4.1. The respondent stated that it had always had a fixed retirement age of 65 and provided documentary evidence to support this contention. It stated that contracts of employment were not provided to all employees before 2009, although all managers (and certain other workers) received same. It provided sample copies of these to the Tribunal. It acknowledged that seven employees, including the complainant, had been allowed to remain working after the age of 65 but that they were only allowed do so at the discretion of the CEO. It stated that the complainant was clearly allowed to stay on but was among a small number of people who were allowed to do so.
4.2. The respondent stated that it sought to formalise its existing retirement arrangements when it introduced a new retirement policy in 2008. The respondent stated that this new retirement policy was part of a review of all its policies that was undertaken at that time. It stated that they were reviewed and discussed at a meeting with Managers and Senior Parking Hosts in June 2008. It stated that the principal changes to the retirement policy that arose as a result of the review were: a formalisation of the extension; the provision of a pre-retirement course; the formalisation of pre-retirement discussions with employees (which, it stated, it would have expected to have been done before in an informal manner). It stated that the retirement age was not changed as it had always been 65.
4.3. The respondent stated that it did not consult directly with employees about these policy changes. However, it stated that managers and senior parking hosts were told by the CEO to consult with staff about the draft policies after the June, 2008 meeting and before the policy was finalised in August 2008. It stated that the policies were then distributed by e-mail to all staff. Where staff did not have e-mail, such as the complainant, it said that the policies were sent to the relevant office for distribution to the staff attached to that office. It stated that it had sent a list to each office and requested Managers to confirm with their staff that they had read the policies. It stated that it had followed up with the relevant office for the complainant but it never received confirmation from it that he had read the policies in question.
4.4. The respondent submitted that it provided over a year's notice to all employees that those over the age of 65 would be required to retire on 1st September, 2009, but that they could apply to the CEO for an extension should they wish to do so. In that respect, Ms. B, who was at the hearing, stated that she wrote a letter to the complainant dated 6th April, 2009 informing him of his pending retirement. She stated that she gave this letter to the complainant's Manager to give to him. She stated that the retirement policy in question was included with this letter. She stated that, as the complainant was thus informed that he could apply for an extension and did not do so, it proceed with the necessary arrangements to facilitate his retirement on 1st September, 2009. It submitted that 6 employees over the age of 65 retired on that date.
4.5. Ms. B could not recall whether the complainant told her in their meeting in June, 2009 that he had not received the retirement policy in question. She stated that they did not discuss the extension of retirement age at that meeting as their discussions related solely to the provision of a retirement package. She stated that, in that respect, the complainant was provided with an additional four weeks pay upon his retirement. She stated that, since the introduction of the Retirement Policy, only one person has applied for an extension of their retirement and this application has been granted. She said that the decision was made by the CEO following a meeting with that person and that person is required to reapply each year. She stated that no objective criteria are applied to that decision and it is taken solely at the discretion of the CEO.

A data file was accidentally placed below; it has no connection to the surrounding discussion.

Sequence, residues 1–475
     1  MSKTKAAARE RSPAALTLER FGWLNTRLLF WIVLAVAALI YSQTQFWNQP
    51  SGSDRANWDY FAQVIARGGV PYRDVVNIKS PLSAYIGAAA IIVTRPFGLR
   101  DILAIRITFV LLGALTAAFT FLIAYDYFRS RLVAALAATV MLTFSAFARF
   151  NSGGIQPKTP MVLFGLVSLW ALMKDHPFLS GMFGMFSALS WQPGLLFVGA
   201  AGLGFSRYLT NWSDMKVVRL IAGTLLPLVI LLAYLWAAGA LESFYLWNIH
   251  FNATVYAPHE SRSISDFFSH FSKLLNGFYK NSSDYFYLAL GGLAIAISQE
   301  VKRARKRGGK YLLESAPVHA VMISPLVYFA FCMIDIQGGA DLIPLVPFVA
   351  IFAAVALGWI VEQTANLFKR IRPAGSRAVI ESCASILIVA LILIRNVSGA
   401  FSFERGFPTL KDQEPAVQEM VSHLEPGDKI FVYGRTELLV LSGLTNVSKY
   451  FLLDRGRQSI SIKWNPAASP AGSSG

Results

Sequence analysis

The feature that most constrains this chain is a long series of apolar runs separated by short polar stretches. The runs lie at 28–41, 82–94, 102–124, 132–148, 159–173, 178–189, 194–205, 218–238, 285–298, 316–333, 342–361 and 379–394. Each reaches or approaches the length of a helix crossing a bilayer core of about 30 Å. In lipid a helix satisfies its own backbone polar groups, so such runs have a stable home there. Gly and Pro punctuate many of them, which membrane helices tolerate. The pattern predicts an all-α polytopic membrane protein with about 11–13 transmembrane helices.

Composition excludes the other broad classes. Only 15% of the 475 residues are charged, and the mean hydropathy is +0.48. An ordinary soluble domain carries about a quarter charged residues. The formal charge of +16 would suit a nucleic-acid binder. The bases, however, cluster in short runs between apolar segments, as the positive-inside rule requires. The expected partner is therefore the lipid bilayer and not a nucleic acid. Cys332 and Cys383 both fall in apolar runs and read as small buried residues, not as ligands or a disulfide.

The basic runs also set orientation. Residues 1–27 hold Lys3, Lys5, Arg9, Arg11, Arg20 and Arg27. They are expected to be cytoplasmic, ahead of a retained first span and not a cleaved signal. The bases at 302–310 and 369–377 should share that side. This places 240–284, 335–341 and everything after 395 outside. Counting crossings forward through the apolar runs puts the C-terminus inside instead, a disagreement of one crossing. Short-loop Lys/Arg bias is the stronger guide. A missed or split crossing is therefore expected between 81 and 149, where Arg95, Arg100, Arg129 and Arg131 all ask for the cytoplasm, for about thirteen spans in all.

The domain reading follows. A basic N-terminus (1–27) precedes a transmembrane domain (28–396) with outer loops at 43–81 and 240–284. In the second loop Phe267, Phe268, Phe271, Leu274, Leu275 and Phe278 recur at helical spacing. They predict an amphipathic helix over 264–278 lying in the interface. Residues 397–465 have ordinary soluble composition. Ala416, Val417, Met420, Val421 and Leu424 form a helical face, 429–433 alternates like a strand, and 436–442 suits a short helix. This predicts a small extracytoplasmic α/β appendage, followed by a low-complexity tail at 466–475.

4.6. The respondent stated that it always had a retirement age of 65 and Section 34(4) of the Acts, which allowed it to fix retirement ages, applied in this case. It stated that the retirement age had been set by Q Park Global and was introduced to provide consistency across all ten countries in which it operated (these countries being nine EU countries and Norway, which is an EEA member). However, it stated that it had no evidence to present to the Tribunal that the fixed retirement age set by it was objectively justified in the context of Article 6 of the Framework Directive. It added that it wrote to all its employees, including the complainant, in 2006 with respect to the PRSA which it had set up and into which fund it contributed a matching funding of up to 10% where an employee also contributed same.
4.7. In summary, the respondent submitted that the complainant retired from his employment on 1st September, 2009 having been provided with a year's advance notice of its intention to adhere to its companywide retirement policy of retirement at 65. It strongly refuted his contention that at no time was he ever advised that he would be expected to retire. It stated that there was some custom and practice to extend the age beyond 65, but the policy was formalised in 2008. It stated that the complainant did not avail of the opportunity to apply for an extension that was provided for in that policy. In short, it submitted that he could not have any legitimate expectation of working without the direct approval of the CEO beyond 1st September, 2009. It added that he was a very good employee and there was no issue with his capacity to perform the duties required of the post in question.
5. Conclusions of the Equality Officer